Wednesday, October 21, 2009
My guest today is Sara Shacter -- a children's writer who grew up in the Chicago area and currently lives in the city itself. Sara's picture book Heading to the Wedding (Red Rock Press, 2006) was described by Contemporary Bride magazine as "not only charming, but also delightful in the delivery of teaching accepted behavior for kids attending a wedding." Sara has also written and edited nonfiction for magazines and educational publishers. Currently she is working on a YA novel and several picture book manuscripts.
For more information about Sara Shacter, visit her website: http://www.sarafshacter.com/.
Q: How old were you when you first realized that you wanted to be a writer?
Sara: I remember writing stories about Inspector Toenail when I was in elementary school. But when did I realize I wanted to be a professional writer? Not until I graduated from college.
Q: Describe one of your earliest works. Who or what inspired you to write it?
Sara: Well, Heading to the Wedding was inspired by a business cocktail party. I was mingling with some folks and mentioned that I wrote for children. A woman listening said, "Do you know of a book that teaches kids about wedding guest etiquette?" I didn't, so I decided to write one. It was a fun challenge: the story needed to instruct, but not be didactic. I think I hit the mark: the book always makes kids laugh.
Q: Can you name someone whose encouragement made a significant difference as you developed into a writer?
Sara: My husband, hands down. He's my cheerleader. He gets so irritated whenever a rejection letter arrives in the mailbox that I end up comforting HIM! When I say, "It's okay. It just wasn't the right house. I'll find a better fit," I come to believe what I'm saying.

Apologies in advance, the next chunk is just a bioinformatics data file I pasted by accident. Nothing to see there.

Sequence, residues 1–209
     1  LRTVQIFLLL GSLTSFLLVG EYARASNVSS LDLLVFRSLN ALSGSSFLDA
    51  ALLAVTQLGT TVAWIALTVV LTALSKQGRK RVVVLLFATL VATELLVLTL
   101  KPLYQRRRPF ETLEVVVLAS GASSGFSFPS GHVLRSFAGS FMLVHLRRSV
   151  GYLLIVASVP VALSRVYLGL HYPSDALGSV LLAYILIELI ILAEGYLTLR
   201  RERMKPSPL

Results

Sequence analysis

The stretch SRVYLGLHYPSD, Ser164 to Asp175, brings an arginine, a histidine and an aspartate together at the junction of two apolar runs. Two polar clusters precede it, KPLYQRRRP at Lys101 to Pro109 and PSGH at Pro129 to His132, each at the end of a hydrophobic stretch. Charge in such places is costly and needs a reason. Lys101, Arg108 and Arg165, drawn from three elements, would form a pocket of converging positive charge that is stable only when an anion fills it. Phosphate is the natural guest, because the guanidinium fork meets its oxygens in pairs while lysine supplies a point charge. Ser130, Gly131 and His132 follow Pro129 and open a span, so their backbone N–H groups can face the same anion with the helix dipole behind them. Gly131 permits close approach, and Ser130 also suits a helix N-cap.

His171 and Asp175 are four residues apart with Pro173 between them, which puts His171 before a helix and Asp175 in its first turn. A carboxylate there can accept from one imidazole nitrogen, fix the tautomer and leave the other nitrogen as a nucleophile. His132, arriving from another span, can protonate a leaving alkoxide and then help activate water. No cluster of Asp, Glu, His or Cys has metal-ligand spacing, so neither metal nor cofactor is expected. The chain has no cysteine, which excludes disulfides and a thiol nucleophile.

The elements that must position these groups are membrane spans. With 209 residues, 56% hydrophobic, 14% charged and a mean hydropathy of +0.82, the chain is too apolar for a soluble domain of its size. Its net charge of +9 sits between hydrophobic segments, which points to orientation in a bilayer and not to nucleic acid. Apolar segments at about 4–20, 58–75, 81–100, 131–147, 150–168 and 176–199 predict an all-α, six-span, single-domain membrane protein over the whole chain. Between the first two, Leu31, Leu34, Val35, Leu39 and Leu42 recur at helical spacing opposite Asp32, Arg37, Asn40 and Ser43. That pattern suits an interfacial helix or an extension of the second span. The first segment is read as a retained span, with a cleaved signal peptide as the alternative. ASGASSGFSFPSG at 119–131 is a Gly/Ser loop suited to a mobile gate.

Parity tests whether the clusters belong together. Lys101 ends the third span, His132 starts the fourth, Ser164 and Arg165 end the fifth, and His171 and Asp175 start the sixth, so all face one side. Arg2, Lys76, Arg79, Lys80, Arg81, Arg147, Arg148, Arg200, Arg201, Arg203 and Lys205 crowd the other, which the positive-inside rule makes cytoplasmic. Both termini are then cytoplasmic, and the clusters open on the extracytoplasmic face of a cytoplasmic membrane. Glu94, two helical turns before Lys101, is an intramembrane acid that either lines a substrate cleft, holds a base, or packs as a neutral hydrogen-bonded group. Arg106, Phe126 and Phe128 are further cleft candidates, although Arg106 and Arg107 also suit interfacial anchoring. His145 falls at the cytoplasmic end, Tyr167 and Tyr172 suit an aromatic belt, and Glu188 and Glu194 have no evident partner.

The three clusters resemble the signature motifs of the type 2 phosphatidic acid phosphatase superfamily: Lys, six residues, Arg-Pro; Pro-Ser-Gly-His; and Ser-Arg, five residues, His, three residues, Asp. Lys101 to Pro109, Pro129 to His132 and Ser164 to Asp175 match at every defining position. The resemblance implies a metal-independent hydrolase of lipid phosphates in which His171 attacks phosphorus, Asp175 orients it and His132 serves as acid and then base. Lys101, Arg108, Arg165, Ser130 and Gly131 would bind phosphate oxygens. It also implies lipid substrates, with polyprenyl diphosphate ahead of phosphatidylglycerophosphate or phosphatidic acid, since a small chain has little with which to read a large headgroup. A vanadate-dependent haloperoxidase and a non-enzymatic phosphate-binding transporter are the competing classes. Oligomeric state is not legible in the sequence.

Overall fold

Q: Please tell us a little about your ties to Chicago.
Sara: I grew up in Highland Park, a northern suburb. Though I went east for college, I returned upon graduation. It's just a fabulous city: big, but not too big. Gorgeous. Full of opportunities and inspiration.
Q: What was easy about writing Heading to the Wedding? What was difficult?
Sara: The basic plot was easy: it's the story of a family that decides to have a practice wedding at home, before going to the real thing. Patrick and his sister Evie learn all about what happens at a wedding, how to make a toast, the importance of taking the closest hors d'oeuvre on the plate, etc. I pretty much just ran through the course of a wedding. However, making it funny and compelling, and rounding out the characters in 800 words or less, took much more work! I lost track of how many drafts I completed.
Q: Of the characters mentioned in Heading to the Wedding, choose one you would like to meet and tell us why.
Sara: I love Evie, who actually wasn't even in the book when I sent the manuscript to Red Rock Press! The editor wanted both a boy and a girl for marketing reasons -- a smart suggestion. I think Evie's hilarious and irreverent. I'm more straight-laced, so I enjoy her joie de vivre.
Q: You have written quite a lot of nonfiction for magazines such as Highlights for Children and Chicago Parent Magazine. Can you share some differences between writing a picture book and writing for magazines?
Sara: In a picture book, there must be an opportunity for a compelling illustration on each spread. Though magazine articles include photos or illustrations, there isn't the pressure to include a new visual every few sentences. However, magazine nonfiction has its own set of requirements. Trying to explain, in very little space and in kid-friendly terms, a scientific principal, or what made a historical figure who s/he was, is a challenge! A wonderful challenge, but a challenge nonetheless.
Q: Anything else you'd like to share?
Sara: I feel lucky to be working in this field. There is nothing more exhilarating than seeing a child's face light up when s/he reads something you've written. And there is no nicer group of colleagues in the world than fellow children's writers and illustrators.